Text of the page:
26 July 2021

Extracting specific data from Apache access logs is tricky. The files don’t use a single delimiter, so you can’t simply, say, open an access log in a spreadsheet and filter specific columns. However, with a bit of Awk magic you can report on specific fields.

The delimiter problem

To work with a raw access log you ideally want the file in a format you can import into a spreadsheet. Each field would be in its own column, so that can easily sort and filter specific columns. If you are a spreadsheet wizard then you could even link multiple logs together and use vlookups and other weird and wonderful spreadsheet functions.

Unfortunately, raw access logs don’t use such a format. If you open an access log in a spreadsheet application then you quickly find there is a problem: what delimiters to use to get all the fields in separate columns? You can actually get pretty far by using spaces as the delimiter and double quotes as the string delimiter. For instance, here is how the example log entries I used in the article about understanding access logs is imported:	-	-	[20/Jul/2021:12:09:30	+0100]	GET /wp-login.php HTTP/1.1	404	11138	-	Mozilla/5.0 (X11; Fedora; Linux x86_64; rv:89.0) Gecko/20100101 Firefox/89.0

That is not too bad but there are a few issues. The timestamp got split into two separate columns, and there are unwanted square brackets (how are you going to sort entries by date?). Also, the sixth column (“GET /wp-login.php HTTP/1.1”) contains three fields: the HTTP method, resource and protocol. So, to get all 11 fields in their own column and a usable format you need to do a bit more work.

Ultimately, the issue here is that a spreadsheet isn’t the best tool for the job. That is not to say that this approach is wrong. It is fine to work with the tools you are familiar with, even if they aren’t the most suitable. And that is all the more true if the best tool for the job is the Awk programming language.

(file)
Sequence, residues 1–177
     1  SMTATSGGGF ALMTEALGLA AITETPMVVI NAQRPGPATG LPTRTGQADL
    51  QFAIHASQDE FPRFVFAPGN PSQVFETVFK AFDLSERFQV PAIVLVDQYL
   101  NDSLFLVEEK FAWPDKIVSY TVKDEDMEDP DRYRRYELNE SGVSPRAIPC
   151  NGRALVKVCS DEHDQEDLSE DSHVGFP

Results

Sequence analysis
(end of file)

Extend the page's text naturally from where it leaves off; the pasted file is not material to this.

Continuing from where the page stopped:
Awk basics

Awk works a little like the “text to columns” function in spreadsheet applications. By default, it delimits lines in a file by spaces, and each field is assigned a variable. The first field is $1, the second $2 and so forth. It also has many built-in functions for working with data, but let’s first look at a basic example: getting the top IP addresses in an access log.

The IP address is the first field, so you can use Awk to grab the first field on every line and then use other utilities to create a sorted count:

# awk '{print $1}' example.com_ssl-log \
| sort | uniq -c | sort -nr | head

To get the top IP addresses for a specific time-period you can often first grep the lines you are interested in and then perform the same Awk magic. For instance, here I produce a count of the top IP addresses between 13:00 and 13:30 on the 25th July 2021:

# grep "25/Jul/2021:13:[0-2]" example.com_ssl-log \
| awk '{print $1}' \
| sort | uniq -c | sort -nr | head

And you can even do things like this:

# awk '$9 ~ /5[0-9]{2}/ {print $9, $4, $5, $6, $7}' example.com_ssl-log
503 [25/Jul/2021:13:38:17 +0100] "GET /examples-rock
503 [25/Jul/2021:13:38:21 +0100] "GET /sites/all/themes/example/css/small.css?qsfb62
503 [25/Jul/2021:13:39:43 +0100] "GET /